With their formal ten-acre landscape nearly filled up, Oakland’s trustees heard the message and awarded Cleveland his first Minnesota commission to create a master plan for the rest of their land—by then totaling 80-acres.
Robert Schoenrock at Oakland Cemetery. His family has run a monument business across Jackson Street from the Cemetery for four generations. Like his father, Schoenrock serves as the Cemetery’s Director.
“Horace Cleveland absolutely hated straight lines,” says Oakland’s Director, Robert Shoenrock. Cleveland’s original site plan, now archived at the Minnesota Historical Society, called for a rolling landscape with lanes curving along the topography and leading through a series of outdoor rooms framed by tree canopies. Over the next 25 years, Cleveland would go on to design the renowned park systems of the Twin Cities based on these principles—at a much larger scale.
During the 19th century, Oakland Cemetery became the burial place for the city’s elite including the state’s first governors Henry Sibley and Alexander Ramsey, senators, and leading families such as the Driscolls, Wilders, and the Weyerhausers. They built impressive marble monuments that stand out today under Oakland’s dense canopy of oaks, basswoods, and maples. There are many spots where the surrounding neighborhoods completely disappear.
Although many cemeteries like Oakland appear natural, they are intentionally-designed landscapes. Preserving their character requires long-term management of roads, iron fences, urns, and tree plantings. In the 1960s and 70s, these features at Oakland were threatened as new burials and cemetery maintenance declined. Fortunately, in the 1980s, Hmong families brought new revenue and life to Oakland by purchasing hundreds of lots each year.
Reflecting Minnesota’s recent immigrants, Oakland Cemetery now has hundreds of Hmong burials and tells a history of the “Secret War” in Laos.
Shoenrock says that today, dozens of Hmong families visit the graves of family members every weekend, leaving food for the deceased having a family picnics of their own. Every Monday, Oakland’s grounds crews dutifully gather up these offerings before they spoil or blow away. The newer gravestones are etched with portraits of the deceased—some of whom were prominent generals in the “Secret War” in Laos supported by the US. There was also an area set aside for African American, Civil War veterans, and the city’s early firefighters. 70,000 people buried at Oakland today—and its diversity will continue to grow.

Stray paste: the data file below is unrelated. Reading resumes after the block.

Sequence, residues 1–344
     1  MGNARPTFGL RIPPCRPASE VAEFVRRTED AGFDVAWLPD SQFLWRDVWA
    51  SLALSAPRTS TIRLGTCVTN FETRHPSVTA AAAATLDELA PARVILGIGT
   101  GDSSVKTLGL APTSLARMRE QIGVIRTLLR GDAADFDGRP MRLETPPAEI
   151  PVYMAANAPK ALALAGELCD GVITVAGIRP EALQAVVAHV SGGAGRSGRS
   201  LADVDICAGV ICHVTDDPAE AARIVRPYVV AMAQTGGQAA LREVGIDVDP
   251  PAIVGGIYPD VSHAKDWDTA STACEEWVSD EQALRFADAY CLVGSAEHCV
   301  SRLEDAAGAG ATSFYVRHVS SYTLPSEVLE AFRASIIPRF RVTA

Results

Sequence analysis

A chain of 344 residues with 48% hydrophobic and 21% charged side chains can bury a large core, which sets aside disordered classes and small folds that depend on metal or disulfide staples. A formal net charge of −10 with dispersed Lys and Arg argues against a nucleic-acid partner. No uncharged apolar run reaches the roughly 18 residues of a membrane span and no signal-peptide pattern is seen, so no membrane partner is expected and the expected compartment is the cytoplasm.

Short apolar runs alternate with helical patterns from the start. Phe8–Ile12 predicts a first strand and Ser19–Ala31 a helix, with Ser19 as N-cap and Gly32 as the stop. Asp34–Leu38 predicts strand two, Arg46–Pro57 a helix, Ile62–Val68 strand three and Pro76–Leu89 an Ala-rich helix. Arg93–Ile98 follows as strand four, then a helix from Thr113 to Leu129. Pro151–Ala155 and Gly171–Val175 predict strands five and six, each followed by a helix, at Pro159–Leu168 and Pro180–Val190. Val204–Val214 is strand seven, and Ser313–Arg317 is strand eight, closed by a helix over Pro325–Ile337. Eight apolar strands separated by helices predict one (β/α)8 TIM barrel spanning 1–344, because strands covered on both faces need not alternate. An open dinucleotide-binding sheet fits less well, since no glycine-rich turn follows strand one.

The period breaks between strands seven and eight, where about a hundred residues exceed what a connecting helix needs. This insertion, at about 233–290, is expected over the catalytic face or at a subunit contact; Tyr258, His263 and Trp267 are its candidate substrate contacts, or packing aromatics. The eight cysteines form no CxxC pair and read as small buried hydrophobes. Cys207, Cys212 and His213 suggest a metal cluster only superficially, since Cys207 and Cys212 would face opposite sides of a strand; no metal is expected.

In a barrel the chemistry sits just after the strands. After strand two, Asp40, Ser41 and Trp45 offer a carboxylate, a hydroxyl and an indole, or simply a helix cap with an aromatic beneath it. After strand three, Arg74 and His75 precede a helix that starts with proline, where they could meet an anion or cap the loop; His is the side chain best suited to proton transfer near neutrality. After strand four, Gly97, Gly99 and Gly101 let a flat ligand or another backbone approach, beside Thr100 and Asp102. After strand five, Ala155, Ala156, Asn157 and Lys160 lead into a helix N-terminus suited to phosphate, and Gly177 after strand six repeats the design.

The Firefighter’s Memorial at Oakland Cemetery
Although just five acres in size, Temple Israel’s Memorial Garden is a living cultural landscape in the city. Rabbi Zimmerman notes that, “every year we take our 7th graders there to study Jewish burial traditions, the inscriptions on the stones, and the Temple’s history.”
Now engulfed by urban growth, such older rural cemeteries bridge the past and future with headstone birthdates dating to the 18th century and reserves of plots for coming generations. Looking ahead, Rabbi Zimmerman say she recently purchased two plots at Temple Israel’s Memorial Garden. “I gave them to myself as a present for my 50th birthday,” she happily explains.
All photos by Frank Edgerton Martin